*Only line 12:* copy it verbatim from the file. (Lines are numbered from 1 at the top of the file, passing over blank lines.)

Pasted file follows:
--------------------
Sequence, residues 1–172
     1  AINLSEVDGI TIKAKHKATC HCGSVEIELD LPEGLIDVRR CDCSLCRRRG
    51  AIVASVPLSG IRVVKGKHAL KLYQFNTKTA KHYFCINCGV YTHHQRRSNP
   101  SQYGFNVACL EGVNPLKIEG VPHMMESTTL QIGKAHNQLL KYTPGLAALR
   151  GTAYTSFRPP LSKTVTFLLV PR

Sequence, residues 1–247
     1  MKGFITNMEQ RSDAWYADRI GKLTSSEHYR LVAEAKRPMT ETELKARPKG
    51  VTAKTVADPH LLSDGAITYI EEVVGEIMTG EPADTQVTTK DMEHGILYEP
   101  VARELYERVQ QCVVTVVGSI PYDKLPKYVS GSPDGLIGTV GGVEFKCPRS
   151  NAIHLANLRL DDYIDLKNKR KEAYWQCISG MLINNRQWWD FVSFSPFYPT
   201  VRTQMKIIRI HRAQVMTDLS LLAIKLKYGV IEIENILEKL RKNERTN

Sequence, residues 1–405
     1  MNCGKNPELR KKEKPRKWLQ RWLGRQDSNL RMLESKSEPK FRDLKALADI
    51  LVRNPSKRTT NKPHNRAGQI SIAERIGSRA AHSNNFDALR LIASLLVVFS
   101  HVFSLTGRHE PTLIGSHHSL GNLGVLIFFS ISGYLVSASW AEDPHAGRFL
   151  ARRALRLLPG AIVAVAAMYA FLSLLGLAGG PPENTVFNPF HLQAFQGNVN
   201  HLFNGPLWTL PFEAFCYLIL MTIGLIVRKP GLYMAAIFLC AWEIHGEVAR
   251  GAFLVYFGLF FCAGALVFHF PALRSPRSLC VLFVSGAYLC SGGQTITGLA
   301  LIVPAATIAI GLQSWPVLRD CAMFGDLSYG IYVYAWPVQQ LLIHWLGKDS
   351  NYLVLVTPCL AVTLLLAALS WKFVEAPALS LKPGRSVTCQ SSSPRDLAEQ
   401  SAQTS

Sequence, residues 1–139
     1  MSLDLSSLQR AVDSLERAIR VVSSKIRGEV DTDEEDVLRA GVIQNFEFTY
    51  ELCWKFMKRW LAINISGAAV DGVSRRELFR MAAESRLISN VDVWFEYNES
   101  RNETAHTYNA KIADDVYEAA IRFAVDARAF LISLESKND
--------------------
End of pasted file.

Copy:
Sequence, residues 1–405